In many ways, Russia is the geopolitical equivalent of the internet troll, deliberately sowing discord. There is an obvious and severe critique to be made about this style of foreign policy. But it is also worth considering why the Kremlin has adopted it and why it appears to feel it is working.
On Jan. 15 Foreign Minister Sergei Lavrov held a two-and-a-half hour press conference to reflect on the achievements of 2017 and prospects for 2018. As one would expect, he harped on Western perfidies and “deplorable” U.S. practices. On the whole, though, he appeared relatively satisfied with Russia’s situation.
Is this just the necessary face of the consummate diplomat? Probably not. While there are numerous concerns and frustrations, the Kremlin appears to be going into 2018 relatively happy with its geopolitical situation.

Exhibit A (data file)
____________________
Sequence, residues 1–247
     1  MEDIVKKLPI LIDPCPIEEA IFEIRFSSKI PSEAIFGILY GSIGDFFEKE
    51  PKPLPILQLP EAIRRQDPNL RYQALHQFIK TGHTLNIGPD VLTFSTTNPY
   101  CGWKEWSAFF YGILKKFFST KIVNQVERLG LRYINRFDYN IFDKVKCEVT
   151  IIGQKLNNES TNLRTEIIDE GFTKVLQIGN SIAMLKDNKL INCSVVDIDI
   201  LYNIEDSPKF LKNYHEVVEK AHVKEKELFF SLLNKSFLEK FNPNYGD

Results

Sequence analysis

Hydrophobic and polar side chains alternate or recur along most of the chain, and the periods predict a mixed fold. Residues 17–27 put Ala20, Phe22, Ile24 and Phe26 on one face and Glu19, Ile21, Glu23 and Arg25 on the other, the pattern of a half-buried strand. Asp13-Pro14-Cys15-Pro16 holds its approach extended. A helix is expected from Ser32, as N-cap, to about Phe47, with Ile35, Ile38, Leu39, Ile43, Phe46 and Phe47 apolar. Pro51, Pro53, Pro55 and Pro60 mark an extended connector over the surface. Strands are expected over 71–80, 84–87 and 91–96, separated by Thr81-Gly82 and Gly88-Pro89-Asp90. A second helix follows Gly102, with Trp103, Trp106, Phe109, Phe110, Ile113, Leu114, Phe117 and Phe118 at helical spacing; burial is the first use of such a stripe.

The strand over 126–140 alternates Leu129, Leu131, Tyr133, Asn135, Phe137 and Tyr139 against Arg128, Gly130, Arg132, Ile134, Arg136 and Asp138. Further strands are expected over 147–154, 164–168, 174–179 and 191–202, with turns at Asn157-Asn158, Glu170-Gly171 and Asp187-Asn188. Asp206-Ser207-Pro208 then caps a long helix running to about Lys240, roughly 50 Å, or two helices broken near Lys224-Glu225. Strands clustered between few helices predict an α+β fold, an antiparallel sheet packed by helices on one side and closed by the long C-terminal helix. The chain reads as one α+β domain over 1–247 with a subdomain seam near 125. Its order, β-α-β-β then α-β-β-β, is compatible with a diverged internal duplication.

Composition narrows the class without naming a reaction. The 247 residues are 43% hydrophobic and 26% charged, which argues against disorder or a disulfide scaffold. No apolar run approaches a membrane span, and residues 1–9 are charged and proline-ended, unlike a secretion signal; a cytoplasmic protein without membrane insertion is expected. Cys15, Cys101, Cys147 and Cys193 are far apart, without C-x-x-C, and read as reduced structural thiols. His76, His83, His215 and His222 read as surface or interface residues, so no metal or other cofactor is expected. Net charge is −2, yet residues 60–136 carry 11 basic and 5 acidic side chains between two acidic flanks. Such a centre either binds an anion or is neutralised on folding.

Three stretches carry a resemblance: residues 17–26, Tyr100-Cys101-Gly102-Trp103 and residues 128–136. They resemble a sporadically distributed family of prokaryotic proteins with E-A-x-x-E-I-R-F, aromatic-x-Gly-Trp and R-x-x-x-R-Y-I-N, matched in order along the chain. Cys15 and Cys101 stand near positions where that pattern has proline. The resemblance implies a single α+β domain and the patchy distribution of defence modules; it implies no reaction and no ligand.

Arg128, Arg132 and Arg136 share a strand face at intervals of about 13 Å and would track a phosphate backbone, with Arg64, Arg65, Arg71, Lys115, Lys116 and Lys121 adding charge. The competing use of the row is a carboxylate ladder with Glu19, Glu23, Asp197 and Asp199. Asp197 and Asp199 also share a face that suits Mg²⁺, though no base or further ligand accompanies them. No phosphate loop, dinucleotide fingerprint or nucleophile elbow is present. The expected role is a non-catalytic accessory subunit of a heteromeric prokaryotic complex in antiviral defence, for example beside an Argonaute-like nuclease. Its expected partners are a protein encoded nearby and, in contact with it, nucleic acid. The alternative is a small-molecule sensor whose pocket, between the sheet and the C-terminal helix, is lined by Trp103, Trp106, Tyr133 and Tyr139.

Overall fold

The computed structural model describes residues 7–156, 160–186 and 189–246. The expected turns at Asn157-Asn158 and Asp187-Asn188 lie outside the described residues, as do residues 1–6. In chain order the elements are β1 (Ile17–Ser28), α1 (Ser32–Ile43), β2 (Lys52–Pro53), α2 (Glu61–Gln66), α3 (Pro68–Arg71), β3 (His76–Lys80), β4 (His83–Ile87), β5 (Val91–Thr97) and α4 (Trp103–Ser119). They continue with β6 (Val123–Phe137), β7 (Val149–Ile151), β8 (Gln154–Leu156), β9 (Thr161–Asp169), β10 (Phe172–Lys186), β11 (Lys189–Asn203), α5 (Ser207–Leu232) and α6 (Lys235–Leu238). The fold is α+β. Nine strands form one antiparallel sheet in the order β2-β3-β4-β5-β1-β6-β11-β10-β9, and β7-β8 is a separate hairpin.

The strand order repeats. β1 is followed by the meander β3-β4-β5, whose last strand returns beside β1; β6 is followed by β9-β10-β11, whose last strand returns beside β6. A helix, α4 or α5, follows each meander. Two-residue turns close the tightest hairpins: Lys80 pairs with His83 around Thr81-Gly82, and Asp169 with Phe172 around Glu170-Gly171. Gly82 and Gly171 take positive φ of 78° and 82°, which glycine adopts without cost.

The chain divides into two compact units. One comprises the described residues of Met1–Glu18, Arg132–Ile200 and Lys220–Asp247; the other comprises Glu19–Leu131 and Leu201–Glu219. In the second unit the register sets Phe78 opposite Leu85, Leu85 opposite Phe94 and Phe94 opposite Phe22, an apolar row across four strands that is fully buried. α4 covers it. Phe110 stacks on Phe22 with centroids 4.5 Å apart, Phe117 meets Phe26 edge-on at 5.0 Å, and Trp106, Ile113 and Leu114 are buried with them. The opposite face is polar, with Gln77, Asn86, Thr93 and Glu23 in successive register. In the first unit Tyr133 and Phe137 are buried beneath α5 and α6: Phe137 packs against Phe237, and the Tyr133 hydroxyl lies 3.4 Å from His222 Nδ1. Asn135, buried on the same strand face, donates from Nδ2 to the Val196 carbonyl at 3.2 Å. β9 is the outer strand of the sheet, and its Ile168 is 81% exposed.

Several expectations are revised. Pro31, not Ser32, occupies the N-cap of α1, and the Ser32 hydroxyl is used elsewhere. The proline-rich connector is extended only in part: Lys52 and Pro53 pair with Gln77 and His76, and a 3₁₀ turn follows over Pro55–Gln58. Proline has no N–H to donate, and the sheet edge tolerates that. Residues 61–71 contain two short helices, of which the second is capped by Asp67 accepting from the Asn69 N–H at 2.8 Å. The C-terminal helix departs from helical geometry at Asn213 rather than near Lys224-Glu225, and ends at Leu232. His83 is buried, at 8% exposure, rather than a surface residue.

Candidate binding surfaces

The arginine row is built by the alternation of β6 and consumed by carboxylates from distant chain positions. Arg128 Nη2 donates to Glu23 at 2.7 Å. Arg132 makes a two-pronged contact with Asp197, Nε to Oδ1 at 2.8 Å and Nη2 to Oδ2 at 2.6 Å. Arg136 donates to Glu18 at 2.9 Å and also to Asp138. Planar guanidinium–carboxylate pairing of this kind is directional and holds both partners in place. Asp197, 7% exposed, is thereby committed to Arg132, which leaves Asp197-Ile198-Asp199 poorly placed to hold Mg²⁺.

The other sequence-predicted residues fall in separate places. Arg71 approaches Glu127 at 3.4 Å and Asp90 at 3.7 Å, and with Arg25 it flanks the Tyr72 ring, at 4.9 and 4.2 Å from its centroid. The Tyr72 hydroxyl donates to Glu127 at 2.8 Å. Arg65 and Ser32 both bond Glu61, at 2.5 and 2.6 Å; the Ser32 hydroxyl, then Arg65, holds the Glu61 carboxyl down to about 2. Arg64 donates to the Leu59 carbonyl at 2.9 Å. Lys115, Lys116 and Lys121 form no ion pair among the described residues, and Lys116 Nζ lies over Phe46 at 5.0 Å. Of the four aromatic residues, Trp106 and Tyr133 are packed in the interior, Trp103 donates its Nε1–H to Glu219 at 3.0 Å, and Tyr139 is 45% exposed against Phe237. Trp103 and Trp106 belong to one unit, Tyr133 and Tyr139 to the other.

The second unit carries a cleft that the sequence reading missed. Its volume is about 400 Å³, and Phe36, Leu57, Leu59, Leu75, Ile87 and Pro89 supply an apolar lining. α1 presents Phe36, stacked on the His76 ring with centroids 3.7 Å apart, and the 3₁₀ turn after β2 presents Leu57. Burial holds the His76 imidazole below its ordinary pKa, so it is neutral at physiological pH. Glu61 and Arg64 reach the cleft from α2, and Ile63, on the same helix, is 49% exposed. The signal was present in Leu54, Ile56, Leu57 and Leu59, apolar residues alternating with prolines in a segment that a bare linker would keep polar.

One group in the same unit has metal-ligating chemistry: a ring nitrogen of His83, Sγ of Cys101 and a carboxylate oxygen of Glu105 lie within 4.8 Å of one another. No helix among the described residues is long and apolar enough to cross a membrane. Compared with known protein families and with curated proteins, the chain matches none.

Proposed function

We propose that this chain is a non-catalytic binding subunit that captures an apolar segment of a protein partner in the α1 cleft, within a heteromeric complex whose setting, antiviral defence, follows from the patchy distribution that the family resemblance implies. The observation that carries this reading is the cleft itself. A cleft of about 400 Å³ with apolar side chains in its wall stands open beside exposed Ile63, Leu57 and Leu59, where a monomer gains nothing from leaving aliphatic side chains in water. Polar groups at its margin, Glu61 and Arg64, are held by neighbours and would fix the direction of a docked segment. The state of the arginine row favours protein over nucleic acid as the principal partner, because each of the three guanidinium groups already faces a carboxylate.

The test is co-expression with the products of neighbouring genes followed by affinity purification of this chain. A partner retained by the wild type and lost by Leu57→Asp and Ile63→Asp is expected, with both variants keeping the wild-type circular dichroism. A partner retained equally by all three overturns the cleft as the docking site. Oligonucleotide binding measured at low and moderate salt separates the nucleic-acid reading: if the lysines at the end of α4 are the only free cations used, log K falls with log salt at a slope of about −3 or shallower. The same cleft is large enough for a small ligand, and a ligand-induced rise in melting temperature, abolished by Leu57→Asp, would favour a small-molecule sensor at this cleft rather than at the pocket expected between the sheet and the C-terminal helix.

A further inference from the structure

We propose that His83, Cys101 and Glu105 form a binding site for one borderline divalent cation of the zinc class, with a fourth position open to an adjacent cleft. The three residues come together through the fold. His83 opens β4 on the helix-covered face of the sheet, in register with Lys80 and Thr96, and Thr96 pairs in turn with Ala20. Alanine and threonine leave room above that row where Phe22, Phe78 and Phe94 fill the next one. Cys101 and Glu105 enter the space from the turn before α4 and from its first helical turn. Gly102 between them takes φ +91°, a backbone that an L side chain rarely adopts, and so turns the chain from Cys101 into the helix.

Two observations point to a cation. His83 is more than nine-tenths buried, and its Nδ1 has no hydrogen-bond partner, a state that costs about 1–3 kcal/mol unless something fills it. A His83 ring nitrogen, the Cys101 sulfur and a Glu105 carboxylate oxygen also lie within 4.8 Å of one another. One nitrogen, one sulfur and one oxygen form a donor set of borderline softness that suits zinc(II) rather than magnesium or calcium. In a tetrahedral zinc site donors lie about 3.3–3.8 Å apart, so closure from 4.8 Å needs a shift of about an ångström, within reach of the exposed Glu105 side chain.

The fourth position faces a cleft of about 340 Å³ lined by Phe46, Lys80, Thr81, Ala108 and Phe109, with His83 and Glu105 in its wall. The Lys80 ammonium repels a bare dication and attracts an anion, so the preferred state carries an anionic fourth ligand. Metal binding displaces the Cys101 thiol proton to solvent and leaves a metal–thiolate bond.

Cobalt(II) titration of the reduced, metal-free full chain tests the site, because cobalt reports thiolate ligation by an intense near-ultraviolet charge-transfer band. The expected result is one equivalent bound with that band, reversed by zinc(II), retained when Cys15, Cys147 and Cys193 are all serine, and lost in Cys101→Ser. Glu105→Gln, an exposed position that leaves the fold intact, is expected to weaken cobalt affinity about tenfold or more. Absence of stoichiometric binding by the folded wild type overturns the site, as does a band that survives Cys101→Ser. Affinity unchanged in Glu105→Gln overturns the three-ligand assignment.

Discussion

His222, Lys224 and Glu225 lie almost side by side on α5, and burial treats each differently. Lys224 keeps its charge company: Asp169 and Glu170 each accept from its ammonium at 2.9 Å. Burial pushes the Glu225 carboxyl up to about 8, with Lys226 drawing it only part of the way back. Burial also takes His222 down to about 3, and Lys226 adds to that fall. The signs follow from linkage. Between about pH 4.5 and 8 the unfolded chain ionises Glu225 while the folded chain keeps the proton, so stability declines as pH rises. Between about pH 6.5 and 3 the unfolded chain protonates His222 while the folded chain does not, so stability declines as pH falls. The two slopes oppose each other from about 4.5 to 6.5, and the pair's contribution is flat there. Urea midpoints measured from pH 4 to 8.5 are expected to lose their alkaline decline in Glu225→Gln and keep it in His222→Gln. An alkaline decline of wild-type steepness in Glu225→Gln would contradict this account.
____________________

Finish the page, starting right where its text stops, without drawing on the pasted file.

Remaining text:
For example, consider the Syrian war. Although Putin has been glad to make “mission accomplished” noises – not least to reassure a public uncomfortable about the thought of their boys dying in a conflict about which they care little – the war is not over.
Islamic State, the terrorist group banned in Russia, is very much in decline, and the regime controls almost all the cities. The days when it looked as if Bashar Assad might be forced to flee or the regime could fragment seem past.
Pacifying Syria, however, is going to be a great deal harder and recent mortar and drone attacks on the Russian airbase at Khmeimim demonstrate that the Russians are caught in an open-ended war.